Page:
Today, July 11, on this anniversary of the Niagara Movement’s inaugural meeting at Niagara Falls in Ontario, Canada across the border from Buffalo, New York, I’m reminded of how discovering a distant connection to that monumental event truly made an historical moment come alive for me.
My grandmother Mae’s November 1923 wedding was Harlem’s social event of the year. Lavish. Extravagant. Beautiful. Entirely over the top. The only problem: the bride didn’t want to marry the groom. The groom wasn’t particularly excited either.
What looked like a Cinderella fantasy and was reported as breathlessly as any People magazine cover story, turned out to be more nightmare than match made in heaven. A’Lelia Walker–daughter of millionaire entrepreneur Madam C. J. Walker--had decided that she knew best for her adopted daughter and only legal heir. In her grand scheme–not unlike the marriages staged by mothers of some wealthy young American women who were paired with castle-rich and cash poor European aristocracy–she selected the scion of another prominent black family.
The man A’Lelia chose, I can only surmise as a way to consolidate family wealth, was Chicago physician Dr. Gordon Henry Jackson. At some point while doing research for On Her Own Ground: The Life and Times of Madam C. J. Walker (Scribner 2001), I realized that Gordon’s father, George H. Jackson, was the same George Jackson who had been treasurer of W. E. B. DuBois’s Niagara Movement, the forerunner of the NAACP.
As I began work on Joy Goddess: A’Lelia Walker and the Harlem Renaissance, the biography I’m currently writing, I needed and wanted to learn more about Gordon’s family. I’d been poking around for years, but thanks to Anne Moore, a librarian at UMass Amherst, I was introduced to an incredible trove of information about the Niagara Movement in the DuBois Library at UMass.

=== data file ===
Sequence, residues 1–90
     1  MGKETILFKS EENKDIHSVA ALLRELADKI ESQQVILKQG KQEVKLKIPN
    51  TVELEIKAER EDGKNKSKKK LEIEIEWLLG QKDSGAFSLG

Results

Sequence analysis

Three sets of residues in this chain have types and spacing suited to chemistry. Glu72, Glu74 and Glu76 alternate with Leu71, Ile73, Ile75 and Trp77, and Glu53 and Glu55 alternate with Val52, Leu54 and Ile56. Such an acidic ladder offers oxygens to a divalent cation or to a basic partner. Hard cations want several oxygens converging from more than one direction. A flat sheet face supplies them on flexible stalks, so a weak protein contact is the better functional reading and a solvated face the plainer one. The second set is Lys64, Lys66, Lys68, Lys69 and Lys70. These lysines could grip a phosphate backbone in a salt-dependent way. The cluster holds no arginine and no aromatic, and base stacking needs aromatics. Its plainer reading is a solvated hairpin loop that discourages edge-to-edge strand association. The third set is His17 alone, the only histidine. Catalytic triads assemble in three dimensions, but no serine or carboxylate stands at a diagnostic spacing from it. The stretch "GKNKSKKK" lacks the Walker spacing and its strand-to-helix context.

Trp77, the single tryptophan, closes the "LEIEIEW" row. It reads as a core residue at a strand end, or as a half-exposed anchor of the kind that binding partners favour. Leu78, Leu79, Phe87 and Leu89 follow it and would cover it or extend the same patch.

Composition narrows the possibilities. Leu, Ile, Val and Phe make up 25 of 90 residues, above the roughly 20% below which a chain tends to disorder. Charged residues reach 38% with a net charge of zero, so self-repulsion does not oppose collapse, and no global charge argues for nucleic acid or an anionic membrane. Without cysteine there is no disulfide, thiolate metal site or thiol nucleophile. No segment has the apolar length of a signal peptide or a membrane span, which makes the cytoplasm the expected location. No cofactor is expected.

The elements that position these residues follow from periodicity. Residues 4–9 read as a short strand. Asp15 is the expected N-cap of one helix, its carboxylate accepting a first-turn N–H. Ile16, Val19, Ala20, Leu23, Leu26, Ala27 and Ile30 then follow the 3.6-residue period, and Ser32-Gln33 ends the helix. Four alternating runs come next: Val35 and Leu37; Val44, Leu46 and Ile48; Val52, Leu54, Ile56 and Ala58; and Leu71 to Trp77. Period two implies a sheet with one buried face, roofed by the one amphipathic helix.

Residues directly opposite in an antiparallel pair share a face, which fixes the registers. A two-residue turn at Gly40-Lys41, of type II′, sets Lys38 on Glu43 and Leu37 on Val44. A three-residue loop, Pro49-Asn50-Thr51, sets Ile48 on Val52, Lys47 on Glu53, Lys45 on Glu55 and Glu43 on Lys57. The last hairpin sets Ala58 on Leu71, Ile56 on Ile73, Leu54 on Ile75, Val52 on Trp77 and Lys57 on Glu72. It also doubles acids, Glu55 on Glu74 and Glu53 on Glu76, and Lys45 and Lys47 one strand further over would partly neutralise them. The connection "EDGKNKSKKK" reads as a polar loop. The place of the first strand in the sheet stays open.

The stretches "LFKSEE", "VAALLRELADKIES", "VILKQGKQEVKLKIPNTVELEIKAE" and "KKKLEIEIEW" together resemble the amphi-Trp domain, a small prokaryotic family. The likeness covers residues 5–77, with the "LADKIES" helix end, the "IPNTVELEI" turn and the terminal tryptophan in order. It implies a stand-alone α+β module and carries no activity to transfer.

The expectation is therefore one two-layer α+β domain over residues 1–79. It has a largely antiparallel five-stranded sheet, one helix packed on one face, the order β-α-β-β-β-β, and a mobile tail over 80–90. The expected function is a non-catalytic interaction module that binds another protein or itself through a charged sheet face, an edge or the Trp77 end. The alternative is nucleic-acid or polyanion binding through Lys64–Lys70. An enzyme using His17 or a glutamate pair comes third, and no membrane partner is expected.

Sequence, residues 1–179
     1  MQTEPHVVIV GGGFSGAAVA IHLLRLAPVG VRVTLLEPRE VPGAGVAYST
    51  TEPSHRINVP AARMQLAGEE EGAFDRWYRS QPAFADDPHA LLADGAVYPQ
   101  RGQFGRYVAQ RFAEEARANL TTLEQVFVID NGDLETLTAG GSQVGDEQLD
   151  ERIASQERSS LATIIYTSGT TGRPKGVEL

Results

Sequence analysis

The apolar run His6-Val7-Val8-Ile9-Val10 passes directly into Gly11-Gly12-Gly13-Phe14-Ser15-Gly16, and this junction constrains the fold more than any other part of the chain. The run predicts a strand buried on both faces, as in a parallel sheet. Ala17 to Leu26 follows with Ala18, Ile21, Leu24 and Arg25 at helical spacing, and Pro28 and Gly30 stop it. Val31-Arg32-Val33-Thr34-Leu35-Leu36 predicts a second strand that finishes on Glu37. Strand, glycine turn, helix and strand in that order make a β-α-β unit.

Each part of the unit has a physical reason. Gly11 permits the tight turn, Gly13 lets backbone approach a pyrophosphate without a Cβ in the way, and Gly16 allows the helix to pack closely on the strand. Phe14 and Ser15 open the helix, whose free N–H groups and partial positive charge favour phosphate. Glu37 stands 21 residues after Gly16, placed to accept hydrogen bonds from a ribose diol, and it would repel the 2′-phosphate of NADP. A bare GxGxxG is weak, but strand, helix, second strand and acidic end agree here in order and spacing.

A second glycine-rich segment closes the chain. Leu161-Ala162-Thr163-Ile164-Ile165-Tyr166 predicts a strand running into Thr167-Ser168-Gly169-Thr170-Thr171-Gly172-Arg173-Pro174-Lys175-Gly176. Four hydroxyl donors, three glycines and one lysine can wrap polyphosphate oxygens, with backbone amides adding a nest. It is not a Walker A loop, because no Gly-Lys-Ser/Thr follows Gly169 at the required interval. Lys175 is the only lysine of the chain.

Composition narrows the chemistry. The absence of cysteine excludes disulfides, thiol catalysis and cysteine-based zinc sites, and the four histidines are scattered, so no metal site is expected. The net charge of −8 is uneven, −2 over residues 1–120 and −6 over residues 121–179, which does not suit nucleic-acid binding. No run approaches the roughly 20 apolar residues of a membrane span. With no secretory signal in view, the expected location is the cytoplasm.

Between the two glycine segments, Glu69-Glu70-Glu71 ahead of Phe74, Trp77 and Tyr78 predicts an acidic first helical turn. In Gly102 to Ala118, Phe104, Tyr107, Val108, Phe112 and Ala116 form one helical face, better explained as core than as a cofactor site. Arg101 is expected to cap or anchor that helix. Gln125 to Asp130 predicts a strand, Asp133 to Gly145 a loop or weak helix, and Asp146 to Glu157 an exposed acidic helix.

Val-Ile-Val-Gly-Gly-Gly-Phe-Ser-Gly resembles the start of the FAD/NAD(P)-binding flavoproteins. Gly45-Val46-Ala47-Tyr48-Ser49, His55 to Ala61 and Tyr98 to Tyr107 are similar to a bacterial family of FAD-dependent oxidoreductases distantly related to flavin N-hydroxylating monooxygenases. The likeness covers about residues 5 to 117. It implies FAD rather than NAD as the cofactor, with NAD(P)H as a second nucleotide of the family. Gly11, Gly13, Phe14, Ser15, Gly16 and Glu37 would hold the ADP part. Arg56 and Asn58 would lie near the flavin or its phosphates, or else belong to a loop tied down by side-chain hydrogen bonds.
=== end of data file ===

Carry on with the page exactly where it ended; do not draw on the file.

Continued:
To say I was thrilled when she sent a copy of the restaurant menu from that first Niagara Movement meeting on July 11, 1905 with George H. Jackson’s signature and address, is an understatement. Among the documents, now on line and accessible to all, are receipts signed by Jackson and meeting minutes that confirm his unanimous re-election as treasurer during the August 1906 Niagara Movement meeting at Harper’s Ferry. (Digital Niagara Movement and NAACP documents are also available at the Library of Congress.)
I eventually learned that Jackson was an attorney and Ohio state legislator. After years of living in Cincinnati and profiting from smart real estate investments, he moved his family to Chicago, where he continued to purchase valuable property and be involved in political affairs.
Mae and Gordon’s marriage really was doomed from the start. Not long after their child (and my uncle), Walker Gordon Jackson, was born in June 1926, Mae moved back to New York to work in the Walker School of Beauty Culture, dividng her time between the Walker’s Harlem townhouse and the mansion in Irvington-on-Hudson. In September 1928 she eloped with my grandfather, Marion Perry, an attorney who was studying finance that summer at Columbia University. My mother, A’Lelia Mae Perry, was born the following July.
Coincidentally, my grandfather was born on this very same day 121 years ago!
I can’t say theirs was a particularly happy marriage either, but their lives fascinate me and have provided a window through which to see other significant historic events and connect in a way I might not otherwise be able to do.